Hitachi 42PD7500 review

Can Hitachi's latest 42-inch plasma improve on its sibling?

TechRadar Verdict

Hitachi is still king of the cut-price plasma world


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    Picture mostly






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    Colour tone not perfect

    Pictures need careful tweaking

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Please forgive our excitement at the arrival of Hitachi's 42PD7500 - essentially this is a TV promising the same quality as its brilliant predecessor, but with the extra of a built-in digital tuner.

As with its cheaper sibling, the 42PD7200, the 42PD7500 looks sumptuous.The glass-fronted, smoky grey screen frame is pure class. Connectivity is outstanding for a £2,700 (£2,500 by October, so rumour has it) screen, too.The biggest hit is an HDMI jack,guaranteeing compatibility with tomorrow's digital sources. But there is also a DVI jack for PC use, a trio of Scarts, a VGA PC input, a CAM slot for adding digital TV services, and component video inputs.

The HDMI and component connections immediately give us a warm HD-ready glow - thankfully fully backed by the necessary level of resolution and compatibility with all the key HD formats.

Aside from the HD readiness and digital tuner, the 42PD7500's most key feature is its Picture Master processing. Key tricks of this sophisticated system include full digital image scaling; automatic brightness and gamma levels adjustment; brightness and contrast boosting; noise suppression; sharper edges; new,improved 1024-line progressive processing; faster processing speeds for improved motion handling; and 12-bit colour processing, offering 4093 graduations per colour.

Out of the box, however, the 42PD7500's pictures don't look that special. But after a careful tweaking of the TV's massive list of adjustable options, they start to look seriously tasty.

The sharpness is particularly striking. Even with some of the noise reduction systems switched in, the amount of texture and detail from all video sources - even the Freeview tuner - is outstanding.

Brightness levels are impressive too, yet this hasn't compromised the screen's black levels. We've seen deeper darks, but the Hitachi's unusual greyscale subtlety and colour gradation finesse really helps dark areas look three-dimensional and fully integrated.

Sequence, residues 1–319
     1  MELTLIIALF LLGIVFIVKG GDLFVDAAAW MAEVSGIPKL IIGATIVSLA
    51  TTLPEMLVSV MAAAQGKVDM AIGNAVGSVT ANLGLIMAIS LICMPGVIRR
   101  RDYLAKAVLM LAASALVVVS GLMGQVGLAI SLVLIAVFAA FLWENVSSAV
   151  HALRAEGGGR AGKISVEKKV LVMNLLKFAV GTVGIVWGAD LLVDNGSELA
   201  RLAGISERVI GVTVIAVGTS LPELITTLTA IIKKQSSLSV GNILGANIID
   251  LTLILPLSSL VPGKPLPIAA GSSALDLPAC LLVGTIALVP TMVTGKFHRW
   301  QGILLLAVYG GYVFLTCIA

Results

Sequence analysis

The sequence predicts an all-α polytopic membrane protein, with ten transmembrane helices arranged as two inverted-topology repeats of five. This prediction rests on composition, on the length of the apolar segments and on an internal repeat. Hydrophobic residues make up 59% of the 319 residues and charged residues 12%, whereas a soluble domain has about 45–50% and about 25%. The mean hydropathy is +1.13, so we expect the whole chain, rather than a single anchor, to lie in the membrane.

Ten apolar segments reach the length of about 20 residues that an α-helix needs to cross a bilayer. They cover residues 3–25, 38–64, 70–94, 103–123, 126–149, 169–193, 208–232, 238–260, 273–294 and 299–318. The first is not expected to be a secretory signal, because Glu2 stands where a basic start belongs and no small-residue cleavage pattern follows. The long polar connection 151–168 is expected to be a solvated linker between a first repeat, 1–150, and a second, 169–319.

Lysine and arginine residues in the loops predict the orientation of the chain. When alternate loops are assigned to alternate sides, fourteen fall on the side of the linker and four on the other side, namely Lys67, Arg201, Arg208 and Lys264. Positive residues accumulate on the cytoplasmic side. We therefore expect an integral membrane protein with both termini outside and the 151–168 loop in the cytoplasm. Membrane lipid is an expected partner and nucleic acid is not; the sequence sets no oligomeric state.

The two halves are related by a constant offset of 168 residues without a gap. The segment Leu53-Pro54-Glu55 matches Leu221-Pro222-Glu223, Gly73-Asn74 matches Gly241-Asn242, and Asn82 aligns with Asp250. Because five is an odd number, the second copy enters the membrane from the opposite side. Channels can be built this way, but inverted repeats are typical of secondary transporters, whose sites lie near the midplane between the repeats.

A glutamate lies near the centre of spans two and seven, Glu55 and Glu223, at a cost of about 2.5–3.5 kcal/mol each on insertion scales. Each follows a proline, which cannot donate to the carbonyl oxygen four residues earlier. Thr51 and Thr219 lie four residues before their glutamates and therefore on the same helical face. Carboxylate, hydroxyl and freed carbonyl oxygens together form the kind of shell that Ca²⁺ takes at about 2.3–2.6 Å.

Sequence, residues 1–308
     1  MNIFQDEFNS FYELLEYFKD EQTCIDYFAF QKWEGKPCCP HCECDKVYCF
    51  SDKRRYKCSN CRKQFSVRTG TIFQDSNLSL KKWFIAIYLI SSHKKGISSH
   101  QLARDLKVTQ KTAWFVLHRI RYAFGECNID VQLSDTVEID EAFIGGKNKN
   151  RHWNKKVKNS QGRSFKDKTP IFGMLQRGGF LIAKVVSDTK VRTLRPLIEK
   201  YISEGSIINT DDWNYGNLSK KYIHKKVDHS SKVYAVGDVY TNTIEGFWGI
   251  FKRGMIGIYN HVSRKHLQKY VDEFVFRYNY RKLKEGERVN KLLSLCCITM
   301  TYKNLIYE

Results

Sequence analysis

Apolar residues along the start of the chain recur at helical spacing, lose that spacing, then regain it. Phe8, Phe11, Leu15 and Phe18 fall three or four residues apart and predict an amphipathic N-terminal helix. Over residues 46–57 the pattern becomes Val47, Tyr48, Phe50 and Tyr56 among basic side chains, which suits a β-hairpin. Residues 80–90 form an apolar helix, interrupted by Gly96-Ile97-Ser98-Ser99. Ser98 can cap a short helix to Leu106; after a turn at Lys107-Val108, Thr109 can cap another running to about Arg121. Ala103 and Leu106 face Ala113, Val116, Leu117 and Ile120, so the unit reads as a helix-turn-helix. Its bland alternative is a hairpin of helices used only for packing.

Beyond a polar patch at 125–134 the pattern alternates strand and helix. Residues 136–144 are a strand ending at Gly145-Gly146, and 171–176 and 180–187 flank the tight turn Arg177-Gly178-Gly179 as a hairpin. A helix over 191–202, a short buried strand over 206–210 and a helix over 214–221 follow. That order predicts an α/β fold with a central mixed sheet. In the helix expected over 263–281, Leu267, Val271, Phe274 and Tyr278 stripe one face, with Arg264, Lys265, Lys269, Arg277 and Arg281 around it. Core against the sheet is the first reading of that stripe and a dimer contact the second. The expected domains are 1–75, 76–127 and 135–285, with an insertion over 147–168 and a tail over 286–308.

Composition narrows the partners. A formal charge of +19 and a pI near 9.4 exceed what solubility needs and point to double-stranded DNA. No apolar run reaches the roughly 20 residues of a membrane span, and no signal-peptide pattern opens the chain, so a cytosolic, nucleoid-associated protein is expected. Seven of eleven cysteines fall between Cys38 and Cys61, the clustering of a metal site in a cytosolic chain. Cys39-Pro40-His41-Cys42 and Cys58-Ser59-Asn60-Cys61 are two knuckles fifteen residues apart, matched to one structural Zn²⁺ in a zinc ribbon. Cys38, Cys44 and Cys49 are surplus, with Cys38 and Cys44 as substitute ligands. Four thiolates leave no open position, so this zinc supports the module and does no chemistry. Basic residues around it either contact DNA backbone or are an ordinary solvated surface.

Good grains

Provided you're careful with your settings, the 42PD7500's pictures are also pleasingly noiseless. Grain, normal dot crawl, colour banding, detail moiring, even the MPEG noise in digital broadcasts - all these can be removed. Traces remain of the common plasma issues of greenish dot crawl and fizzing over moving objects, but at tolerable levels given the 42PD7500's low price.

In fact, for the money there's only one serious problem with the 42PD7500's picture: the colour tone. Compared with the new levels of accuracy introduced by Panasonic's PV500 sets, the Hitachi's reds look a touch orange, and low-lit fleshtones can look a little green around the gills.

Sonically the 42PD7200 again performs well above its price point. The detachable speakers give ample bass, breathing room at mid-range and trebles that never sound harsh.

There's room for improvement with the 42PD7500. But Hitachi didn't make it to be perfect. It's made it to be as good as possible at a very aggressive price point. And in that, it succeeds superbly. John Archer was the former name of Its staff were at the forefront of the digital publishing revolution, and spearheaded the move to bring consumer technology journalism to its natural home – online. Many of the current TechRadar staff started life a staff writer, covering everything from the emerging smartphone market to the evolving market of personal computers. Think of it as the building blocks of the TechRadar you love today.